In this same manner, traders will sell their long positions or go short following rallies to resistance levels such as 80. Short buyers will consider 80 a good entry point if the stock indicates a reversal at this level and overall market conditions support this movement.

Please note that these strikes do not always act as precise resistance/support levels, but often do. Thus, it helps to be aware of open interest to know why a stock behaves in a way that most traders do not understand.

Make a note of these open interest levels on your "Trade Planner" forms. Be alert once a stock comes close to these levels. Is it time to sell to preserve profits? Is it time to buy?

Secret #9

Remember there will always be losing trades, but the idea is to cut losses short and let profits run the full course.

A solid trading strategy is to always achieve 100% return, especially if you work with the leverage of options. It might stand to reason to exit a losing trade if it develops into a 25-30% loss. This will usually allow you to achieve a 3 to 1 profit-loss ratio. Taking small losses is essential to investing success. A trader can take many small losses and still make 100% overall return with just one 200-300% winning trade.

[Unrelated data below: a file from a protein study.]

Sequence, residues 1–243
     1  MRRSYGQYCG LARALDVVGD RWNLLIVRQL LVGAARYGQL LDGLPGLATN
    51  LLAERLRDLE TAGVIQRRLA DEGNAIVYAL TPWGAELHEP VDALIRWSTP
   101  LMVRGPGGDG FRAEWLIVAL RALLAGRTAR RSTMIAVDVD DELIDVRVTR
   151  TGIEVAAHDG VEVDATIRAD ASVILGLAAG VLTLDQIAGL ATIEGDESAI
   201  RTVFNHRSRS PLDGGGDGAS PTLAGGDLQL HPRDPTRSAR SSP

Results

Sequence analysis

To determine percentage of loss or gain, divide gain/loss by the opening trade amount (amount paid for stock or contract/s). 2 contracts @ $5.00 premium = 200 x $5.00 = $1,000. Closing transaction $3.50 x 2 (200) contracts = $750, a loss of $250. Percent of loss = 250 divided by 1,000 = 25% loss.

Do the math prior to entering a trade. Multiply the amount paid for the contracts by 20-30% to determine how much of a loss is within your risk tolerance. Once it reaches that point, you've taken out the emotional decisions. Cap the loss by selling. $1,000 x (20-30%) 25% average = $250. The 3 to 1 ratio is calculated by dividing total profits by total losses and is a good overall yardstick of reward, versus risk.